Unrest marks Tunisia revolution anniversary event
Demonstrators protest against the visit of Tunisian President Moncef Marzouki on Monday in Sidi Bouzid, south Tunisia, the birthplace of the country's recent revolution. Marzouki arrived to mark the revolution's second anniversary.
TUNIS, Tunisia — Protesters threw stones and tomatoes at Tunisian leaders on Monday at a ceremony to mark two years since the start of an uprising that changed regimes around the Arab world.
Some 3,000 people demanding jobs and angry at the moderate Islamist-led government protested at the ceremony. They threw projectiles and booed President Moncef Marzouki, who urged patience and said he has no "magic wand" to bring down unemployment.
But protesters complained that they have seen little improvement in their region since the new government took power. Some held signs saying, "The people want the fall of the government and a new revolution."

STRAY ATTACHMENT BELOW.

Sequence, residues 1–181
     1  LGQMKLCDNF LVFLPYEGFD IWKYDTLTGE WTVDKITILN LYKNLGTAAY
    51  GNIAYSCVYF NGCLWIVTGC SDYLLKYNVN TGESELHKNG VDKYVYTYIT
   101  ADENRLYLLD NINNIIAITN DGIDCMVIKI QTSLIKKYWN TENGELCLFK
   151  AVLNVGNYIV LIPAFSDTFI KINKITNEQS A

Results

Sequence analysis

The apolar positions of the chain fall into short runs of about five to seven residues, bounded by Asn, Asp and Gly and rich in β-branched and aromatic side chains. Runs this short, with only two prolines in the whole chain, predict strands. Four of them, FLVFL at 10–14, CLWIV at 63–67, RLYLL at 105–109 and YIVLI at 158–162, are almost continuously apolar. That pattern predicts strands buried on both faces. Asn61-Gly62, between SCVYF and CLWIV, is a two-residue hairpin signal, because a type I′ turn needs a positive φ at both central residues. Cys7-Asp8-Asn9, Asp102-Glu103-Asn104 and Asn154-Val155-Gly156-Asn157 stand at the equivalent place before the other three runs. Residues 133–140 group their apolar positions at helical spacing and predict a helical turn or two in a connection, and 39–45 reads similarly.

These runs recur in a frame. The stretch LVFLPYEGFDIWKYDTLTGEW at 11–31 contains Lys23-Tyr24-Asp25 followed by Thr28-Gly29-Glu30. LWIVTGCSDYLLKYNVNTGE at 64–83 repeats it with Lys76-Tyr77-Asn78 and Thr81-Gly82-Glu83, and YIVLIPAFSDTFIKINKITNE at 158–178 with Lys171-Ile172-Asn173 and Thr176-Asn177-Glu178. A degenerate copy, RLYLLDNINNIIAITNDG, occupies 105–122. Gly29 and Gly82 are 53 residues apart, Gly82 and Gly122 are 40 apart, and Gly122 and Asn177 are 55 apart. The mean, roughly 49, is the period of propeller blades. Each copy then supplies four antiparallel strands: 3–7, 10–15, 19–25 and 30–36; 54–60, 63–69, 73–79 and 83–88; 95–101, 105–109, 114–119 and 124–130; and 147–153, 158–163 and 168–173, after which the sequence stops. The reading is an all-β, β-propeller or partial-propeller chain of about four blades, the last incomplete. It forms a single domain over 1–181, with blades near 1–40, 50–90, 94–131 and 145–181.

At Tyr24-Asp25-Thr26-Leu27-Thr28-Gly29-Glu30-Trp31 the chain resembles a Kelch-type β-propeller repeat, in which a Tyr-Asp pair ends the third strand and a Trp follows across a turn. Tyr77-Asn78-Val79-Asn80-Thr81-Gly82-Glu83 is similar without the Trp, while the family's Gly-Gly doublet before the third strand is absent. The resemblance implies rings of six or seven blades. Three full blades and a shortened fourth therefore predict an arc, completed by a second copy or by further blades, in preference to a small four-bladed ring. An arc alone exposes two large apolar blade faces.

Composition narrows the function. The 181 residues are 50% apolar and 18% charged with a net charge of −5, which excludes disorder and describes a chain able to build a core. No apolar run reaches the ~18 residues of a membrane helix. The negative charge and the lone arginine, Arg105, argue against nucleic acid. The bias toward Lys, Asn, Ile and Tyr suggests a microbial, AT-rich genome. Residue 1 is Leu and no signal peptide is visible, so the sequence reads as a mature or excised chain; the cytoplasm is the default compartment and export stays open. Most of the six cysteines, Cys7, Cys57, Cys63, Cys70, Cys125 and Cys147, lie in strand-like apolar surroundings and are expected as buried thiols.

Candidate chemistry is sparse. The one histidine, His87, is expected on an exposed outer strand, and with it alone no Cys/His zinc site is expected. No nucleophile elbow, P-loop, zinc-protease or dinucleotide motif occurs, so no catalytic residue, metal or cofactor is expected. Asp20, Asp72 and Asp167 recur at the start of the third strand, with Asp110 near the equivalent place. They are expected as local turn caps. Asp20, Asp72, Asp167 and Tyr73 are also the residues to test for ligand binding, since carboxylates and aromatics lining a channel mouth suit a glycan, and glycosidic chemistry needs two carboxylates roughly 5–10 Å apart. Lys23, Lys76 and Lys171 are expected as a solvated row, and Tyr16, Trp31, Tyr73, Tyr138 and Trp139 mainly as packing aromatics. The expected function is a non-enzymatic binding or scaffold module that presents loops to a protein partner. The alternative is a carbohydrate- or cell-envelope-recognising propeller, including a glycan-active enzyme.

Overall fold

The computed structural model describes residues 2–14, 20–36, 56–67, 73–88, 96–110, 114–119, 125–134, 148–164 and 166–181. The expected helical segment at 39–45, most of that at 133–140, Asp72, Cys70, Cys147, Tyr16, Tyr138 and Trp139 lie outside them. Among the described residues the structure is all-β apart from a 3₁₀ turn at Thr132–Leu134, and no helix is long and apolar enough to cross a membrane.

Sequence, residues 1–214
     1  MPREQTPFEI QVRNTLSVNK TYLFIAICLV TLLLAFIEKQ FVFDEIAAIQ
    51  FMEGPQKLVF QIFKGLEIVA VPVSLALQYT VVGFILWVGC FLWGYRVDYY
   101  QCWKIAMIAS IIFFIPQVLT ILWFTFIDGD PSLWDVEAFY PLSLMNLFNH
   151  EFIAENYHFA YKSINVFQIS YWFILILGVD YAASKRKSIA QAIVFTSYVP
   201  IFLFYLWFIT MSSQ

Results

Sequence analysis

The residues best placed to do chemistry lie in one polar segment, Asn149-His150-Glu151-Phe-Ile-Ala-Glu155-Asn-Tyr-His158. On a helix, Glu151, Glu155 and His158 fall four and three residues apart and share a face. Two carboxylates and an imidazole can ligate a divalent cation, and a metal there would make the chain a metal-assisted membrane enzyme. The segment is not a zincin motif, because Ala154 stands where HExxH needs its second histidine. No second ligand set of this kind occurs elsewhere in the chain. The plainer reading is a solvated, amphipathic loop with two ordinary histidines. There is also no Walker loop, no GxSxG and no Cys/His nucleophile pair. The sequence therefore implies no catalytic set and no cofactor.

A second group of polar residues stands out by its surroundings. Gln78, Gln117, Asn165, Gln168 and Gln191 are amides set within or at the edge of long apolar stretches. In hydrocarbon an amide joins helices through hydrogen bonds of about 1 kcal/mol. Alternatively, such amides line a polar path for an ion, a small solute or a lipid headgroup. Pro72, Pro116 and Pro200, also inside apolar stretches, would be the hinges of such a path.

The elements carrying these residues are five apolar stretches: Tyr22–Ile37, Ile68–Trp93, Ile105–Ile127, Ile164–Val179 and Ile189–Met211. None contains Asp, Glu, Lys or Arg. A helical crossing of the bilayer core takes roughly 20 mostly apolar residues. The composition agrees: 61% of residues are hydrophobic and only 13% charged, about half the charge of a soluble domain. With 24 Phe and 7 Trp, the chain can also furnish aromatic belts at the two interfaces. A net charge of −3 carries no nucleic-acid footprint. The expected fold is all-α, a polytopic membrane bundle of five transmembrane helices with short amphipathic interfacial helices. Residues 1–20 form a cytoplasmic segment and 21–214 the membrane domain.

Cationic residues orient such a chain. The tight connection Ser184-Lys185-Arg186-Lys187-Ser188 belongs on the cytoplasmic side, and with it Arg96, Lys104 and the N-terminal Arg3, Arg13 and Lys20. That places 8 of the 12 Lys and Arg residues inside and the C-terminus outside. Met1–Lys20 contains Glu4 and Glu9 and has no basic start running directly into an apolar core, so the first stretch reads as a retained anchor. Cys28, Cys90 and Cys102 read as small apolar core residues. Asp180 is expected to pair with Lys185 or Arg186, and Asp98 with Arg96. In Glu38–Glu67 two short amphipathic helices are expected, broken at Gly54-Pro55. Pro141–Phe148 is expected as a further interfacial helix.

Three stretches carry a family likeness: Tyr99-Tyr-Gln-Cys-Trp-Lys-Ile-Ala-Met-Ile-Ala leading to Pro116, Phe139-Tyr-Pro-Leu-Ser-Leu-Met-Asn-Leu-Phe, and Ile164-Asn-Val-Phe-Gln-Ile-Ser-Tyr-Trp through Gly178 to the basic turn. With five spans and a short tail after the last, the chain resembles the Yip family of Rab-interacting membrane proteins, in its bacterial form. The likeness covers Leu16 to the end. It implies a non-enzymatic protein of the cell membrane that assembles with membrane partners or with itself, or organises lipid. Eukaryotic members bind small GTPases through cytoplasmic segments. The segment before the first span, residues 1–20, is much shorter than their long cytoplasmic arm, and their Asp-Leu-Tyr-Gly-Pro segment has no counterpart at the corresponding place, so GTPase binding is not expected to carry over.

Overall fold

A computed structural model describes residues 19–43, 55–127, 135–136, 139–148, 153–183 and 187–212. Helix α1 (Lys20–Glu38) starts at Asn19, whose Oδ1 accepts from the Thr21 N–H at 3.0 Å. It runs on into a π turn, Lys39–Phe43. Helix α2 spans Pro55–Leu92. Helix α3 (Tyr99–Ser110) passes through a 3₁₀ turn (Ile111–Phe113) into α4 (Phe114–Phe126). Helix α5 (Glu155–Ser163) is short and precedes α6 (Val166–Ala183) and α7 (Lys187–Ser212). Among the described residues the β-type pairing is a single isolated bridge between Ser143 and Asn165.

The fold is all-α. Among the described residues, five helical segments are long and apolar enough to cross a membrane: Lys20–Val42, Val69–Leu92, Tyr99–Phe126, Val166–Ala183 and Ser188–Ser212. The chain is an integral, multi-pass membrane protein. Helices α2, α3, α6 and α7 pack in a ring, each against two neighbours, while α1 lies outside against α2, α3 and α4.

Marzouki and the other dignitaries who spoke had to be escorted off the stage by security forces.
The ceremony Monday marked two years since the day when a street vendor set himself on fire to protest pressure from authorities under longtime President Zine El Abidine Ben Ali. Vendor Mohamed Bouazizi's act set off demonstrations that spread around Tunisia and several Arab countries.
In recent weeks, Tunisia's stagnant economy has fueled a faceoff between the ruling party and the main labor union, and one region saw days of rioting.
Tunisia's radical Islamists have also grown increasingly vocal, and disaffected youth stage sporadic protests that sometimes degenerate into violence.
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